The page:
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17th Century: Books For Kids

Looking for a list of the best children's books about 17th century?

Children’s literature has many notable options when it comes to 17th century. To help you find the right books for you and your young reader, we’ve compiled a list of the best kids books about 17th century.

Our list includes picture books and chapter books. Picture books are generally great options for toddlers and for preschool and kindergarten age children. Picture books are especially enjoyable for adults to read aloud with young kids. The chapter books on our list are generally best for elementary through early middle school age tween kids. You can filter to sort by the best book type for your kid.

When it comes to children’s stories about 17th century, there are a variety of titles. This list covers everything, from classics like Squanto’s Journey to popular sellers like Thanksgiving on Thursday to some of our favorite hidden gems like Cinderella.

We hope this list of kids books about 17th century can be a helpful resource for parents, teachers, and others searching for a new book! As you explore the list, please comment below to let us know what books you would add.

Cinderella
Written by K.Y. Craft & illustrated by Mahlon F Craft
picture book
Recommend Ages: 1-12

This brilliant edition of a timeless story is sure to become the favorite of a generation. Readers young and old will be enchanted by the vision and mastery of Kinuko Y. Craft’s luminous paintings, inspired by the lavish artwork of late seventeenth-century France and embellished with extraordinary borders and ornamentation. Rich with radiant color and astonishing detail, here is a dream come true for anyone who has ever believed in living happily ever after.

Squanto and the Miracle of Thanksgiving
Written by Eric Metaxas & illustrated by Shannon Stirnweis
picture book
Recommend Ages: 5-10

Describes how the Massachusetts Indian Squanto was captured by the British, sold into slavery in Spain, and ultimately returned to the New World to become a guide and friend for the Pilgrims.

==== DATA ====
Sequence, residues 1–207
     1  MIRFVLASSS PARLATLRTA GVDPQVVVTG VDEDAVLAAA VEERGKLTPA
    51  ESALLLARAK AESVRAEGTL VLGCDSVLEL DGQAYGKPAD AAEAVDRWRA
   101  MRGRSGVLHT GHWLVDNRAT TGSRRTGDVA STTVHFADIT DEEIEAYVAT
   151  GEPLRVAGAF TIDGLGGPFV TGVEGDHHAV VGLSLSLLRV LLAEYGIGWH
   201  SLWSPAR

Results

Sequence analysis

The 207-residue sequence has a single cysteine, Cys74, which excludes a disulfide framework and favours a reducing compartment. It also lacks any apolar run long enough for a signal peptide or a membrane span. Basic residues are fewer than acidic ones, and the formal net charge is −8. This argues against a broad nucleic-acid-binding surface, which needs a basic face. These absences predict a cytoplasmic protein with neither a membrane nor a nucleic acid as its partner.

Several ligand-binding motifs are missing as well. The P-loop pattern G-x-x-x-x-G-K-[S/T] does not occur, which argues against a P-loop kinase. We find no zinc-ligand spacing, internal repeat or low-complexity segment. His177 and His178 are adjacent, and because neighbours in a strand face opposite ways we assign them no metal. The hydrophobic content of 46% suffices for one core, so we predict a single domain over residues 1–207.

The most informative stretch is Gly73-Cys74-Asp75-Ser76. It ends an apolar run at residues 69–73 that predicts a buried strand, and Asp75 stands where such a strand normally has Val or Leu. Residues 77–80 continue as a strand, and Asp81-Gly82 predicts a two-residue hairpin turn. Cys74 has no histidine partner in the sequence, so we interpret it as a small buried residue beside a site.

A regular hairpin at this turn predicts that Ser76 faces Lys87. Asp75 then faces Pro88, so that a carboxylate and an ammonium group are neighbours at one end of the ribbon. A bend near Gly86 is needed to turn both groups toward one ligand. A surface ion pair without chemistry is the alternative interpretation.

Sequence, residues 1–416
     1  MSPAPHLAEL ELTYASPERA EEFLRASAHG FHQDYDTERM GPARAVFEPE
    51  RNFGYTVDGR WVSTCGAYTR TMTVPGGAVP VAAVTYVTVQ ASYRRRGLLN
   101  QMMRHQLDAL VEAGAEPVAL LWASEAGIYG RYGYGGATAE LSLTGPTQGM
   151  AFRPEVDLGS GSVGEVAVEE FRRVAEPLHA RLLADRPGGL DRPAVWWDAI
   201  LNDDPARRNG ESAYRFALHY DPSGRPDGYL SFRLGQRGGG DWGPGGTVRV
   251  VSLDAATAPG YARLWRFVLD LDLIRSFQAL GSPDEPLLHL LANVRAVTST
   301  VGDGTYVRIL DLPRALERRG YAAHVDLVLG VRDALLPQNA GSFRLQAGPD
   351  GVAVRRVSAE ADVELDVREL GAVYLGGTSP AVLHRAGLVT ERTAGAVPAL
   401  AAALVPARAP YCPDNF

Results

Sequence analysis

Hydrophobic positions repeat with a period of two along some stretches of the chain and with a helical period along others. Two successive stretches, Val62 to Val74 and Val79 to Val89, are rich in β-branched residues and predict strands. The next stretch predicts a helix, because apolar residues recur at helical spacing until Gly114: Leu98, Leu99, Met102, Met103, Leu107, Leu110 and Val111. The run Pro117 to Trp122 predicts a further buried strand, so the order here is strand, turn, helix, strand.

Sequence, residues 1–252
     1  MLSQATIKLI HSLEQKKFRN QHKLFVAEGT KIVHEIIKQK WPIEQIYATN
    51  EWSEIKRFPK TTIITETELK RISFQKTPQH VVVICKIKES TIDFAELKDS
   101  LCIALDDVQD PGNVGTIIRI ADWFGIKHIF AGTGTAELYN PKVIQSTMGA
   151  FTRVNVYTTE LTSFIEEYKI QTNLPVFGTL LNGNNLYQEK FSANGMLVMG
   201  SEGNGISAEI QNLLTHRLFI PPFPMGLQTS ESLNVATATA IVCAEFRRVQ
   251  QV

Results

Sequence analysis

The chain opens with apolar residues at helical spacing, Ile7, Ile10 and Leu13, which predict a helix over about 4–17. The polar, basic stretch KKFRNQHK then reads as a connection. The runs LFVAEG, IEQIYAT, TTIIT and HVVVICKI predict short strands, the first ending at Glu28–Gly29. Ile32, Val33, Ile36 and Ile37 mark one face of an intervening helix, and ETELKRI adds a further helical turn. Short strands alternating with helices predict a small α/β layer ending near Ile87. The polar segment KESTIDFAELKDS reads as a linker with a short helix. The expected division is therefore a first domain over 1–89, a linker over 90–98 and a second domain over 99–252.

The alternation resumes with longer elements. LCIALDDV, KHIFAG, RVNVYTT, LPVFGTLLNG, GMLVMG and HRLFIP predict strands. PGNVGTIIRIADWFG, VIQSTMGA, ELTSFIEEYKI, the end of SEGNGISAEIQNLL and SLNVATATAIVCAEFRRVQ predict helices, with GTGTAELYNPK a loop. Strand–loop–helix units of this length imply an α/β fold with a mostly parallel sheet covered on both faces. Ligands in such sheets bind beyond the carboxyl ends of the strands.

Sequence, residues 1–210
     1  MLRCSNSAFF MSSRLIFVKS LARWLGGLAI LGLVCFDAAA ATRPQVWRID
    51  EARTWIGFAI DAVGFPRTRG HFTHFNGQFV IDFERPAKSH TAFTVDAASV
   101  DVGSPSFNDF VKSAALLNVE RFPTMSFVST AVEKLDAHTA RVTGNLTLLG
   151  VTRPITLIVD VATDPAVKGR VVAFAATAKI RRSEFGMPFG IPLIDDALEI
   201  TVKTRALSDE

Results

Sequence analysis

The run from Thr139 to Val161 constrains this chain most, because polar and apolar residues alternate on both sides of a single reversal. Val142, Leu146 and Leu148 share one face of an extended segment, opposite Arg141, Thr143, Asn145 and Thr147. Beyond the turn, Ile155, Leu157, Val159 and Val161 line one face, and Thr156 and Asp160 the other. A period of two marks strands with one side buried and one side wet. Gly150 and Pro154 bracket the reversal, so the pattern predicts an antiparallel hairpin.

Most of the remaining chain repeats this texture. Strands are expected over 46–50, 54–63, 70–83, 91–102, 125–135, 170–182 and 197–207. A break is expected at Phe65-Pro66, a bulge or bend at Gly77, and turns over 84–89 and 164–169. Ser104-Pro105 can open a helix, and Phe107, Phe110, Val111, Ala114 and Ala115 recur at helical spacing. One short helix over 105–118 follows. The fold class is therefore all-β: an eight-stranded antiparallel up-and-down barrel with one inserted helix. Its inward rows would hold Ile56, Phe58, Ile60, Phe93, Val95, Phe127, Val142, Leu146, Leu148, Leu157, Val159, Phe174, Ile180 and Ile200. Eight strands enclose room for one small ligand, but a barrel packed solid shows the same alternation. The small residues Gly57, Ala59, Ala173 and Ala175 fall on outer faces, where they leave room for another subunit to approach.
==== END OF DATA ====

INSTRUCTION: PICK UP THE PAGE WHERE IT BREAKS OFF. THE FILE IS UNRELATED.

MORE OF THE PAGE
Basho and the River Stones
Written by Tim J Myers & illustrated by Oki Han
picture book
Recommend Ages: 4-10

The great poet Basho lives in the woods and shares the cherries from his cherry tree with the local foxes. But one tricky fox becomes greedy––He uses his magic to turn three river stones into gold coins, and then tricks Basho into giving up all of the cherries. When the fox returns to gloat over his victory, he discovers that Basho is content. Wiser than the fox, Basho knows that a poem inspired by the beauty of the river stones is more valuable than gold. Oki S. Han’s watercolors evoke ancient Japan in this sequel to the New York Times bestseller Basho and the Fox.

Summer Birds
Written by Margarita Engle & illustrated by Julie Paschkis
picture book
Recommend Ages: 5-8

Documents the work of a young girl, Maria Merian, who lived during the Middle Ages and disproved the theory of spontaneous generation by observing caterpillars as they spun cocoons and emerged as butterflies and moths in the spring. By the author of the Newbery Honor Book, The Surrender Tree.

Squanto's Journey
Written by Joseph Bruchac & illustrated by Greg Shed
picture book
Recommend Ages: 4-7

In 1620 an English ship called the Mayflower landed on the shores inhabited by the Pokanoket, and it was Squanto who welcomed the newcomers and taught them how to survive. When a good harvest was gathered, the people feasted together—a tradition that continues almost four hundred years later.